JEFFERSON CITY - Republican candidates for the 2016 Missouri gubernatorial race emphasized their individual strengths rather than the faults of their competitors at a debate sponsored by the Cole County Republicans Tuesday.
Candidates with no previous political experience stated they would work for the people of Missouri rather than cater to special interests. According to former Navy SEAL Eric Greitens, that gives voters back the power.
"If you believe that career politicians and political insiders in Jefferson City have failed you and your family and your neighbors, then you have a choice," Greitens said. "You can shut up and take it, or you can decide to do something about it."
Former CEO and businessperson John Brunner emphasized his business acumen and how that would help stimulate Missouri's economy. He also discussed how Missouri needs to expand its broadband Internet and cell phone access across the state.
Brunner asked the audience how it would be possible for him to connect with other CEOs and governors to help Missouri grow without reliable cell phone service. He also stated how nurturing an entrepreneurial spirit in Missouri could only be achieved by electing an entrepreneurial governor.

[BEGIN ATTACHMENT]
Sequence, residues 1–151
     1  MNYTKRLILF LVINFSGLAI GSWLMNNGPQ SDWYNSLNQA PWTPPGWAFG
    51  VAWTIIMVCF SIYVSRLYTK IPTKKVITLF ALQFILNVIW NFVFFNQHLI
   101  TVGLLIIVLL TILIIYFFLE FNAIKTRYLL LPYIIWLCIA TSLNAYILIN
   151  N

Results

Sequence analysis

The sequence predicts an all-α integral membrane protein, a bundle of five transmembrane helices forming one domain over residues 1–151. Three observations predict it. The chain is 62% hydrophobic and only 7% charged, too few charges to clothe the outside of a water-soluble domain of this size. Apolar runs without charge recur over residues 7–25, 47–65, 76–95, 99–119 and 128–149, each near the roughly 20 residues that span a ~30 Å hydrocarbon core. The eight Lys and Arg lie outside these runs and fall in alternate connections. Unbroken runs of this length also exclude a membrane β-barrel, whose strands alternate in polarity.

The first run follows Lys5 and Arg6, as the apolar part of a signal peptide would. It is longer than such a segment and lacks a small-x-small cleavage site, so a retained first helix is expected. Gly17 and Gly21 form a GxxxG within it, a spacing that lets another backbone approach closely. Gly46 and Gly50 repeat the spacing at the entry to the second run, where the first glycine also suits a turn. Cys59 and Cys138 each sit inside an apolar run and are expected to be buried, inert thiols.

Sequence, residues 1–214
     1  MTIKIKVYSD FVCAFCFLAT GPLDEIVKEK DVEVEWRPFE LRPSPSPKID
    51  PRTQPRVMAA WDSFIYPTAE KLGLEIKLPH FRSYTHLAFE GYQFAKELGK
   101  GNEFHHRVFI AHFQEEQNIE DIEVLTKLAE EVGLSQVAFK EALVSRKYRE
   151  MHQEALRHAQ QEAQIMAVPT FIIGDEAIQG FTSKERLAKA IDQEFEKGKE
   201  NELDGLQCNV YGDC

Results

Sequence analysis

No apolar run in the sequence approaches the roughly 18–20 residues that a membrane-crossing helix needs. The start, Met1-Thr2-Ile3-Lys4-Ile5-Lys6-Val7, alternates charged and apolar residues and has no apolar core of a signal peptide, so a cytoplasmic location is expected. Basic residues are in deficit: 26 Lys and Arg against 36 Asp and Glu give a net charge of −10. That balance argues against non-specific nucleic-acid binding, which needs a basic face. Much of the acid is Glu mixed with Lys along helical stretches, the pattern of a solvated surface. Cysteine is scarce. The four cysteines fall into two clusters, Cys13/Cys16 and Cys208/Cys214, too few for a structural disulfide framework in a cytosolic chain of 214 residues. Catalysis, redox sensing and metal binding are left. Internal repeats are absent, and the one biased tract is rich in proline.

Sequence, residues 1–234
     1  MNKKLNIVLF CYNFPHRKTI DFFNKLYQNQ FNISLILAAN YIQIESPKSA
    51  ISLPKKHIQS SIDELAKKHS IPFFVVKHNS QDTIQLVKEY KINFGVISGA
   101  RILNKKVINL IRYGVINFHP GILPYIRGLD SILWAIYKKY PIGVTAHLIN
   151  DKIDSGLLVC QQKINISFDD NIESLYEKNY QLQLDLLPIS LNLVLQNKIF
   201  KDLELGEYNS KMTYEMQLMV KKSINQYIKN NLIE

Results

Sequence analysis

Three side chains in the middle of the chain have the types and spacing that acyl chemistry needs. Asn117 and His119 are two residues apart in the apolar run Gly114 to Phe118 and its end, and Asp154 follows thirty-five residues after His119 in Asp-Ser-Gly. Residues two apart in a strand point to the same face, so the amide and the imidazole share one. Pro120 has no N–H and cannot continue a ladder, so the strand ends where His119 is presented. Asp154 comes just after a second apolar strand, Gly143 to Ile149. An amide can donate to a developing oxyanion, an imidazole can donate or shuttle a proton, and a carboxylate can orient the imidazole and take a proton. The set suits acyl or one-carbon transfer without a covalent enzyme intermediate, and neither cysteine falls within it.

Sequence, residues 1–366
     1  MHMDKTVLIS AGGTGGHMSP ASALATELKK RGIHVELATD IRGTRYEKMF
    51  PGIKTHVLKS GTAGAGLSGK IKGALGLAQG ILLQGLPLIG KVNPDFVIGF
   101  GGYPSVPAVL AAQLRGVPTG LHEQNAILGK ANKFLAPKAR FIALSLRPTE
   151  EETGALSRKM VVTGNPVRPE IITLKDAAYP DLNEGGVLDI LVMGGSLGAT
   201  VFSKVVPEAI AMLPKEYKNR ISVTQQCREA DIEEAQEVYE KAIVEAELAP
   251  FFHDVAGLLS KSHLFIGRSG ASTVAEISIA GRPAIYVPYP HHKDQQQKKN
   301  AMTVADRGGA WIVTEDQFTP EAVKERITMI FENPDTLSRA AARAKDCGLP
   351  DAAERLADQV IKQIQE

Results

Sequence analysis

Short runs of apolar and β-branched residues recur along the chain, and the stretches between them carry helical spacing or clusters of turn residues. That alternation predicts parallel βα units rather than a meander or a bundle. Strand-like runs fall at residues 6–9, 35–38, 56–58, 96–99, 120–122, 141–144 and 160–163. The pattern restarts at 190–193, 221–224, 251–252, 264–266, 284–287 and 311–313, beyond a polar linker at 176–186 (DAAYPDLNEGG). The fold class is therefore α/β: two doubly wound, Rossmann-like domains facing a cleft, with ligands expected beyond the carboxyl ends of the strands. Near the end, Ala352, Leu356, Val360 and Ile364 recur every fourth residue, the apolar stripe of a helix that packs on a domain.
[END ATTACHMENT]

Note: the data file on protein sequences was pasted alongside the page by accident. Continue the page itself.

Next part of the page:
Despite their different tactics, the five candidates agreed on several points. All five candidates said passing so-called "Right to Work" legislation in Missouri was necessary to bolster the state's economy.
"It goes back to getting government out of the way of people who are willing to make investment in our state, take risk in our state, and to have the chance to compete with our neighbors," Former Missouri House Speaker Catherine Hanaway said. "So, we have to have 'Right to Work.'"
The candidates also criticized government overreach while focusing on specific aspects of the Affordable Care Act that make it more difficult for patient care providers to do their jobs. The candidates also focused on the need for change in Jefferson City.
"We have a typewriter government in an Internet age," Sen. Bob Dixon said.
Lt. Gov. Peter Kinder mentioned the late Missouri Auditor Tom Schweich while discussing the need to eliminate dirty politics in Missouri. Schweich died of a self-inflicted gunshot wound to the head in February after campaign ads aired mocking his physicality. Rumors from the Republican Party questioning Schweich's religion also surfaced before his death.
"I want to say something to envoke the memory of my dear friend, the late State Auditor Tom Schweich, one of the finest public servants we've had in our state," Kinder said. "And I join him in his call that it is time to end the politics of personal destruction in our state."
Kinder was the only candidate to address Schweich during the debate.